Philanthropy or Hegemony: American Presence in Turkish Higher Education in a Historical Context


Yorgun İ.

3rd International Higher Education Studies Conference (IHEC 2018), Kayseri, Türkiye, 11 - 13 Ekim 2018, ss.128

  • Basıldığı Şehir: Kayseri
  • Basıldığı Ülke: Türkiye
  • Sayfa Sayıları: ss.128

Özet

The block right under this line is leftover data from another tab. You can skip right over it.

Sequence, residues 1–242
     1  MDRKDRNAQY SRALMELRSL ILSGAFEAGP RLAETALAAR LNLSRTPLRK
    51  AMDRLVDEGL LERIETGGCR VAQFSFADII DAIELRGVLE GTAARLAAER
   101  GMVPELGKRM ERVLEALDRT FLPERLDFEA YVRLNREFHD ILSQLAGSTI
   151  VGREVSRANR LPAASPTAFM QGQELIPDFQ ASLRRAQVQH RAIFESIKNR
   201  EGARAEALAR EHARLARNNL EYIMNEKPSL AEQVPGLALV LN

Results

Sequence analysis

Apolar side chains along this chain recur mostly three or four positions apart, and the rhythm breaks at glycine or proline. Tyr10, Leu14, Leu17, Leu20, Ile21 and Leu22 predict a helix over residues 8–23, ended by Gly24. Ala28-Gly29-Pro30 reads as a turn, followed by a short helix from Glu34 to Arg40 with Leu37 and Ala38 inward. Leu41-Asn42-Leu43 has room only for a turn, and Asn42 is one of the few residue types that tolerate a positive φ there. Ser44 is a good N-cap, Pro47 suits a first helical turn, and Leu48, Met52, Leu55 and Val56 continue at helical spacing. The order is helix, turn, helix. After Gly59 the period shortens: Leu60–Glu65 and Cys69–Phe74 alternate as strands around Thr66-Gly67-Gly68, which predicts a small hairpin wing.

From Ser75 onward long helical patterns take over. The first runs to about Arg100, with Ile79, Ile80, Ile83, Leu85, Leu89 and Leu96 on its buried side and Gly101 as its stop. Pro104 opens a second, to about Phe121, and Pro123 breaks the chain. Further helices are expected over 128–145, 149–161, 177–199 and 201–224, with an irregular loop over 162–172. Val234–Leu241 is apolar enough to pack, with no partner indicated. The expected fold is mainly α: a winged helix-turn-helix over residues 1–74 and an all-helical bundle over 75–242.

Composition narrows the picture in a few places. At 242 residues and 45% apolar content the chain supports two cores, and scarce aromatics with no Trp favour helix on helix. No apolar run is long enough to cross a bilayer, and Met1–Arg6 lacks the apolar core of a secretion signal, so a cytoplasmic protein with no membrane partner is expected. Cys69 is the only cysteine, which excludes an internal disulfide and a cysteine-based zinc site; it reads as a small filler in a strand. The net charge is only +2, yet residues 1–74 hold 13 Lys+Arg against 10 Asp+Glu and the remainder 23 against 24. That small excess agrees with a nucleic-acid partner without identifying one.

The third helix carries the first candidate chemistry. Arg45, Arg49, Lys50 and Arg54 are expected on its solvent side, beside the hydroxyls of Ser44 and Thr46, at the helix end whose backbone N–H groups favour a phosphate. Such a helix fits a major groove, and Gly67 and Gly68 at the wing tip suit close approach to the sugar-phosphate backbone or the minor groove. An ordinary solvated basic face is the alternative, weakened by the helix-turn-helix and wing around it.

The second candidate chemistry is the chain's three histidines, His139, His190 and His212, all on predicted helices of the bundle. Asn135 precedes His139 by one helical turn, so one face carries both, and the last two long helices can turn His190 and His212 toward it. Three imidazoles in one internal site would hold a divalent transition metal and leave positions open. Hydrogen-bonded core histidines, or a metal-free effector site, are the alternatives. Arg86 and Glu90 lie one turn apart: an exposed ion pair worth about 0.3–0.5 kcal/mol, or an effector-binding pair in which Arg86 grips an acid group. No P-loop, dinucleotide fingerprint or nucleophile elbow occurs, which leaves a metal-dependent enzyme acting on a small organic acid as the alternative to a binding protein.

Historically European education systems such as French and German densely influenced Turkish Higher Education in late 19th century and early 20th century when compared to the American. In fact, beneath the surface of the iceberg American presence in education system was as influential as the others. While the French and the German influence was partly due to Ottoman political bilateral relations with these countries; Washington extensively made use of the missionaries and disguised them in education, health and anything under benevolence and regardless of Ottoman communities, Muslim or non-Muslim. Throughout time it well understood that Americans were as destructive as the Europeans in various walks of life including but not limited to the institutions and the system of Turkish Higher Education. The mentioned timeline corresponded to a transitional period from the Ottoman Empire to the birth of modern Turkish Republic. Contrary to the understanding and applications of the Ottoman Porte, Turkish Republic under Mustafa Kemal Atatürk's guidance was very cautious towards the pacific penetration of foreign education systems, traits or experts to Turkey; in other words it was a very balanced approach not to let a kind of supremacy of any foreign country such the United States in the New Republic in spite of the long lasting remarks of John Dewey and alike. However, this balanced approached was abandoned during Democrat Party rule and Washington became the dominant power in socio-cultural life. Constituting a significant part in social life, Turkish Higher Education with its land grant university system, to a certain extent, was copied and transformed Turkey with generous donations and grants of the American Foundations (Ford, Rockefeller etc.) established by wealthy businessman to the Turkish education system as well as with several state apparatus programs like Fulbright, AFS, Eisenhower scholarships to Turkish intellectuals, the country desperately needed not just for personal developments but for the country's future. This was an interesting period when American educational experts outnumbered their counterparts invited from other countries. This historical trajectory and the discussion will shed light on how the Turkish Higher Education has evolved to its current status.